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Public safety a prominent theme at Buckhead Coalition lunch

Eric Tananblatt, Jim Durrett and Mayor Andre Dickens at the Buckhead Coalition annual meeting. (Photo by Maria Saporta.)

By Maria Saporta

Although the name “Buckhead City” was barely mentioned during the annual meeting of the Buckhead Coalition on Thursday, Jan. 26, the issue was definitely present in the room.

Speaker after speaker spoke about how crime in Buckhead had dropped 14 percent, and Buckhead Coalition leaders were complimentary of the leadership of Atlanta Mayor Andre Dickens and Atlanta Police Chief Darin Schierbaum.

Efforts to create a separate City of Buckhead have been around for the last couple of years, but so far, the issue has not been able to get the traction to move the issue forward.

Colin Connolly, Brad Bradshaw, Eric Tanenblatt and Alana Shepherd at the 2023 Buckhead Coalition lunch. (Photo by Maria Saporta.)

Creating a City of Buckhead would first require the complicated unbuckling of the area from the City of Atlanta before it could become a separate city. It’s a different process that the establishment of Sandy Springs or numerous other new cities in the region, which were in unincorporated parts of their respective counties.

The annual luncheon of the Buckhead Coalition featured a public safety panel with Police Chief Schierbaum, Fulton County District Attorney Fani Willis and Dave Wilkinson, president and CEO of the Atlanta Police Foundation.

Schierbaum said that the only crime that went up in Buckhead in 2022 was shoplifting. Willis said her office is focusing more attention on repeat offenders.

Nearly every speaker mentioned how the new Buckhead Police Precinct had helped the city’s efforts to fight crime in the area, one of the wealthiest communities in Atlanta.

Police Chief Darin Schierbaum, David Wilkinson with the Atlanta Police Foundation and Fulton County District Attorney Fani Willis at Buckhead Coalition. (Photo by Maria Saporta.)

“We had a moment in time with crime surging,” Wilkinson told the luncheon attendees at the St. Regis Hotel, praising the leadership of all the public safety entities in Atlanta and Fulton County. “Everybody is working together right now. We will make sure this crime surge doesn’t become part of the new normal in our city.”

During his keynote talk, Mayor Dickens made sure to let members of the Buckhead Coalition know that the city is doing well financially (one more reason why a Buckhead City is not needed).

“We now have the highest fund balance reserves in our history,” Dickens said. “We have $240 million in our reserve balance. We also have the highest credit rating in our city’s history.”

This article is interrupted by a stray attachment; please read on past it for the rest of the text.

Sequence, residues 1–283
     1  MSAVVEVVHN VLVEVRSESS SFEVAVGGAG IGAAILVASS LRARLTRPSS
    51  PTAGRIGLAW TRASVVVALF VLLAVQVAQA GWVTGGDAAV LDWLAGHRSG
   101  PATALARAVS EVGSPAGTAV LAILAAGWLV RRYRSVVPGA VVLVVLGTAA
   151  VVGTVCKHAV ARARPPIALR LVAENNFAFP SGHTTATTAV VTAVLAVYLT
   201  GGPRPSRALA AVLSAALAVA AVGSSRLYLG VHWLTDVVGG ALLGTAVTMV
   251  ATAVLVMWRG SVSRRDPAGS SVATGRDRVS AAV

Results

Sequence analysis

And while public safety is top of mind, Dickens reminded the crowd that running the city is multi-faceted. For example, he said the city had filled 11,000 potholes in 2022.

After the luncheon, Dickens was asked if he’s concerned about whether the City of Buckhead movement was still a possibility.

Buckhead Coalition luncheon attendees: Atlanta City Council members Howard Shook and Keisha Sean Waites with Buckhead Coalition’s Jim Durrett, District Attorney Fani Willis and Natalie Zellner on Willis’ staff. (Photo by Maria Saporta.)

“I’m always watchful of it,” Dickens said, adding that public sentiment has changed over the past year. “More people now want to stay in the city.”

Then the mayor said the best thing he can do is run the city as efficiently as he can. “I’m going to keep doing my job,” he said.

The Buckhead Coalition also named a new chair for the next two years – Eric Tanenblatt, global chair of public policy for Dentons. Tanenblatt succeeds Juanita Baranco, who wasn’t able to attend the Jan. 26 luncheon because of an auto dealership event.

In describing his vision for Buckhead, Tanenblatt, a Buckhead resident for 35 years, said he would like it to be a vibrant, welcoming and safe intown community. He applauded the mayor for being so engaged with Buckhead and the rest of the city.

The Buckhead Coalition luncheon includes city leaders: here Councilmembers Andrea Boone, Michael Julian Bond and Marci Collier Overstreet stand with Atlanta Mayor Andre Dickens. (Photo by Maria Saporta.)

“Mayor Dickens has been so inspiring,” Tanenblatt said. “He’s been spending a lot of time in Buckhead.

Jim Durrett, president of the 35-year-old Buckhead Coalition since July 2020, also remembered two leaders who were instrumental in the formation of the business group – former Atlanta Mayor Sam Massell, who passed away last March (he ran the organization for 32 years), and business leader Charlie Loudermilk, who died last August. Buckhead lost two titans last year, Durrett noted.

“The Buckhead Coalition has a great new leader in Eric Tanenblatt,” said Durrett said in a release. “He has the experience and access to not only promote important public policy but as a leader for us in Atlanta, the State of Georgia, and the federal government. He has a keen understanding about business and government and how they intersect.”

Atlanta real estate leader Steve Selig with Fulton County Chairman Robb Pitts and Buckhead Coalition Chair Eric Tanenblatt. (Photo by Maria Saporta.)

Maria Saporta

Maria Saporta, Editor, is a longtime Atlanta business, civic and urban affairs journalist with a deep knowledge of our city, our region and state.  Since 2008, she has written a weekly column and news stories for the Atlanta Business Chronicle. Prior to that, she spent 27 years with The Atlanta Journal-Constitution, becoming its business columnist in 1991. Maria received her Master’s degree in urban studies from Georgia State and her Bachelor’s degree in journalism from Boston University. Maria was born in Atlanta to European parents and has two young adult children.


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